Wayne Wang’s second feature, made in collaboration with the Asian American Theater Company, is an affectionate shaggy-dog story with tiny, sharp teeth. Shot in 16mm black-and-white on an infinitesimal budget, it’s a memento of an era when shoestring independent filmmakers weren’t “storytellers” so much as creative and resourceful problem solvers. In practice, this meant getting shots without permits, ample set-up time, paid extras, production assistants and other niceties that are standard nowadays. Postproduction, notably sound design and mixing, was a whole other magic trick.
The slender plot revolves around a pair of Chinese American cabbies (played by Wood Moy and Marc Hayashi) looking for a missing pal who’s vanished with some dough they lent him. Their peripatetic search through Chinatown takes us behind the closed doors and “inscrutable” façade of a subculture that Anglos won’t (more than can’t) broach. It doesn’t take long to realize that Wang and his collaborators are less interested in the solution to the mystery of the missing money than in critiquing the narrow niche that Chinese Americans are expected to occupy in American culture.
There are gags about cultural identifiers and stereotypes such as sweet-and-sour pork ribs (though not Chinese laundries—that would be too obvious). Even serious issues within the Chinese community, such as the rivalry between Taiwan and mainland China or the aspirations of assimilated Chinese American yuppies, are treated with humor. But rest assured, every joke has a point.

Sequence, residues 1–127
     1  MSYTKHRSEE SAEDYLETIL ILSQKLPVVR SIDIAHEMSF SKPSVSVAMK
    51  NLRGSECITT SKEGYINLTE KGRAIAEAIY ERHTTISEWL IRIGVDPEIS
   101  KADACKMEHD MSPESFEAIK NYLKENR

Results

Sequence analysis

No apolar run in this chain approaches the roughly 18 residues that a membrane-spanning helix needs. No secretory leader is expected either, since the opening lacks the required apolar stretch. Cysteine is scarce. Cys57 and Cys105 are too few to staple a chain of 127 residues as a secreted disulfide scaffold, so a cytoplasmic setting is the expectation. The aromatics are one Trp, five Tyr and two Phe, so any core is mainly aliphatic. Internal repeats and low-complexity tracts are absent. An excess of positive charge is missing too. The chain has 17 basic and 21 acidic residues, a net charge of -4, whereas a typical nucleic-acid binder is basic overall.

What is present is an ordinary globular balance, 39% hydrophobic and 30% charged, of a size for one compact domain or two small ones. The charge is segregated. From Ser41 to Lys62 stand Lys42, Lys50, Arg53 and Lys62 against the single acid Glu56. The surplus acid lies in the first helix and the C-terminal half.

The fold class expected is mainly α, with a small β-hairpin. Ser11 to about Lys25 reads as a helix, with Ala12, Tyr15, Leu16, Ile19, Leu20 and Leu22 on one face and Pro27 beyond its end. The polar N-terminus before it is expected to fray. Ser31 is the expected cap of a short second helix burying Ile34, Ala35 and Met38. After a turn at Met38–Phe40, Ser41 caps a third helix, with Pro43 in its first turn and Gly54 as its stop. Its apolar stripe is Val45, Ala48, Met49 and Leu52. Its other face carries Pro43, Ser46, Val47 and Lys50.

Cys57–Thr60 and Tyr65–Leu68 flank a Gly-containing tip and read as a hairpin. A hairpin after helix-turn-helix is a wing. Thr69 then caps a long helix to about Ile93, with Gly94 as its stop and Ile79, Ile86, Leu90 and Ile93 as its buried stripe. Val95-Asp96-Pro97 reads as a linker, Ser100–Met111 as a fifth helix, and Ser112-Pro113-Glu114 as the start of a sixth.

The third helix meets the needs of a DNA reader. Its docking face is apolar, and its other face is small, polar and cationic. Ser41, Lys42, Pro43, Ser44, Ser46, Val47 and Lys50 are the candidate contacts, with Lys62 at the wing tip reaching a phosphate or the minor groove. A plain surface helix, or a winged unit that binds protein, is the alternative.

Chan is Missing launched the exemplary careers of cinematographer Michael Chin (Jonestown: The Life and Death of Peoples Temple) and sound mixer Curtis Choy (What’s Wrong With Frank Chin?, The Fall of the I-Hotel) as well as Wayne Wang’s. Chan Is Missing resonates nearly 30 years later in no small part because Wang’s commitment to exploring the Chinese American experience extends right up to the present. Although he's embraced risky experiments of all kinds (Smoke, The Center of the World) and dabbled in Hollywood moviemaking (Maid in Manhattan, Last Holiday), a look at Wayne’s filmography reveals an artist who never forgot where he came from. You don’t watch Chan Is Missing to see how far Wang has ventured from his roots, but to discover how deeply his roots inform his entire oeuvre.